Presentation on theme: "Chapter 6: Photosynthesis How Plants Make Food and the Importance of Captured Energy."— Presentation transcript:
Chapter 6: Photosynthesis How Plants Make Food and the Importance of Captured Energy
Historical Perspective Life started on this planet about 3 ½ billion years ago, but without photosynthesis it would not have thrived. Cyanobacteria (formerly called blue-green algae) were the first simple organisms to master photosynthesis. Later, these evolved into the chloroplasts of plants. Photosynthesis profoundly changed the planet. The carbon-dioxide and ammonia rich atmosphere slowly changed to an oxygen /nitrogen atmosphere, poisoning many of the original organisms, but providing a new, more efficient way of releasing energy for the survivors. The oxygen also produced a thin layer of ozone (O 3 ) above the atmosphere, that protected us from solar radiation, and paved the way for organisms to live on land.
Plants use these things to make food: –Water (H 2 O) –Carbon Dioxide (CO 2 ) –Energy (from sunlight) –Chlorophyll (a green pigment that acts as an organic catalyst: C 55 H 72 O 5 N 4 Mg) Overall reaction: 6 CO 2 + 6 H 2 O + light → C 6 H 12 O 6 + 6 0 2 Glucose (a simple sugar)
Chloroplast Part of a plant cell where photosynthesis takes place. Contains: –Outer Membrane –Inner Membrane –Stroma (fluid) –Thylakoids –Chlorophyll Plant cells (stained) See Diagram on Page 112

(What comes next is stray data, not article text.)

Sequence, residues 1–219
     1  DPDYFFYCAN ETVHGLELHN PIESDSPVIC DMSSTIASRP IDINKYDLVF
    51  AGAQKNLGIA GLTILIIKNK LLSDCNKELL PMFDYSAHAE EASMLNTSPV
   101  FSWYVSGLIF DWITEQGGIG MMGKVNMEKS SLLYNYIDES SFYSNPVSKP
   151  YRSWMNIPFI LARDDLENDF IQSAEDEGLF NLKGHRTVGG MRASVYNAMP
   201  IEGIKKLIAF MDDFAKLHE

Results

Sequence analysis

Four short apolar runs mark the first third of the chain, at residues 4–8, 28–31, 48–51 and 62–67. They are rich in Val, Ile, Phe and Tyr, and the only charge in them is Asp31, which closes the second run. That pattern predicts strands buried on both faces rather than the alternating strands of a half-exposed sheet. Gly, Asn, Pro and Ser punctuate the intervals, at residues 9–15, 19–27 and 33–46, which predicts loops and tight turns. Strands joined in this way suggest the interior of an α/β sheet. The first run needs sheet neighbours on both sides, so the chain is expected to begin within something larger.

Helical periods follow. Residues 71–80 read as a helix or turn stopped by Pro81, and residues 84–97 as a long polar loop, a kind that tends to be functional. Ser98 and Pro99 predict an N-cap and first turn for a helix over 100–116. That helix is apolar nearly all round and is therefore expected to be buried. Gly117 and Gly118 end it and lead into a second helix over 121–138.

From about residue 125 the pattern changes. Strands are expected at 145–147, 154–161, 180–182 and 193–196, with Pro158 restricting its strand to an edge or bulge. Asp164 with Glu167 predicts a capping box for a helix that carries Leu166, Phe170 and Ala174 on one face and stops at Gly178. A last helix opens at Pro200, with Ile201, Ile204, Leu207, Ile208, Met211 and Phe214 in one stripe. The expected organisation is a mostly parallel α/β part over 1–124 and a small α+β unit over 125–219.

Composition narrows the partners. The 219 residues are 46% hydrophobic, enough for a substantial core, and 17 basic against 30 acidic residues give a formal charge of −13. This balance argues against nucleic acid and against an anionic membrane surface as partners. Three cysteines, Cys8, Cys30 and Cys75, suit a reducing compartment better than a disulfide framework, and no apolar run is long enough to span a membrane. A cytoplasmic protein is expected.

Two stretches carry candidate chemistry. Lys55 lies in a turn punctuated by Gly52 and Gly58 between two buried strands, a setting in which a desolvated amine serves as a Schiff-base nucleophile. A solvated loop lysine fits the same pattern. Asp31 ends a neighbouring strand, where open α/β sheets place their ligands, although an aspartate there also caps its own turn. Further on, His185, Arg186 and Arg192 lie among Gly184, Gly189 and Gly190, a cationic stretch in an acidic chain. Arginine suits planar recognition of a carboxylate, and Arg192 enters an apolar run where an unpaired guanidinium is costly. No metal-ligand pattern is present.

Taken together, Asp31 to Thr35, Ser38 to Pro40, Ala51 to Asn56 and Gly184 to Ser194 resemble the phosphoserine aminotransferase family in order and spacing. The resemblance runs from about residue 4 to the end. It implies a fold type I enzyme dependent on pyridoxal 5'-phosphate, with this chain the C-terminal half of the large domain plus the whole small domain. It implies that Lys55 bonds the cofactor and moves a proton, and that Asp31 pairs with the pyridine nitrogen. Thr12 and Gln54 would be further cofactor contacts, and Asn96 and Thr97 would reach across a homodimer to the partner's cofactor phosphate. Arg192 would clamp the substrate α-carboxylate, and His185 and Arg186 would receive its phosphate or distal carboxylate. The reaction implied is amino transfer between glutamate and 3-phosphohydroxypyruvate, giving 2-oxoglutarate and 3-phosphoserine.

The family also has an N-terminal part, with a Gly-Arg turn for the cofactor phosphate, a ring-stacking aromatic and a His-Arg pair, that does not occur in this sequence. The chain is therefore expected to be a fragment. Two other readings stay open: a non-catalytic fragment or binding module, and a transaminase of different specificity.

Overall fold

Thylakoid A Thylakoid is a small, flat disk or sac inside a chloroplast. Several thylakoids stacked together make a granum (pl. grana) The surface of thylakoids is where most of the LIGHT reactions in photosynthesis take place.
Stroma The fluid inside the chloroplast, but outside of the thylakoids. The reactions of the Calvin Cycle occur in the stroma.
Pigment A pigment is a coloured compound Pigments capture certain colours of light The most important pigments in plant cells are: –Chlorophyll-a (green primary pigment) –Chlorophyll-b (blue-green accessory pigment) –Carotenoids (yellow, orange and brown accessory pigments)
ATP Adenosine triphospate Important energy-releasing compound Breaks down into ADP and phosphate
NADP, NADPH Nicotinamide Adenine Dinucleotide Phosphate This chemical compound transfers hydrogen ions (protons) from place to place When its not carrying the hydrogen its called NADP, When it is carrying hydrogen it is NADPH
RuBP Ribulose biphosphate A simple sugar (monosaccharide) Has only 5 carbon atoms (glucose has 6) Used in photosynthesis
PGA, PGAL Phospho-glyceric acid, Phosphoglyceraldehyde Simple organic compounds They have only 3 carbon atoms They can be used to make sugars (like glucose)
Photosynthesis Photosynthesis is the process by which plants convert the energy of sunlight into chemical energy in organic compounds Carbon dioxide and water are “fixed”, or joined together to make simple sugars (eg. Glucose) This is a fancy way of saying that plants make their own food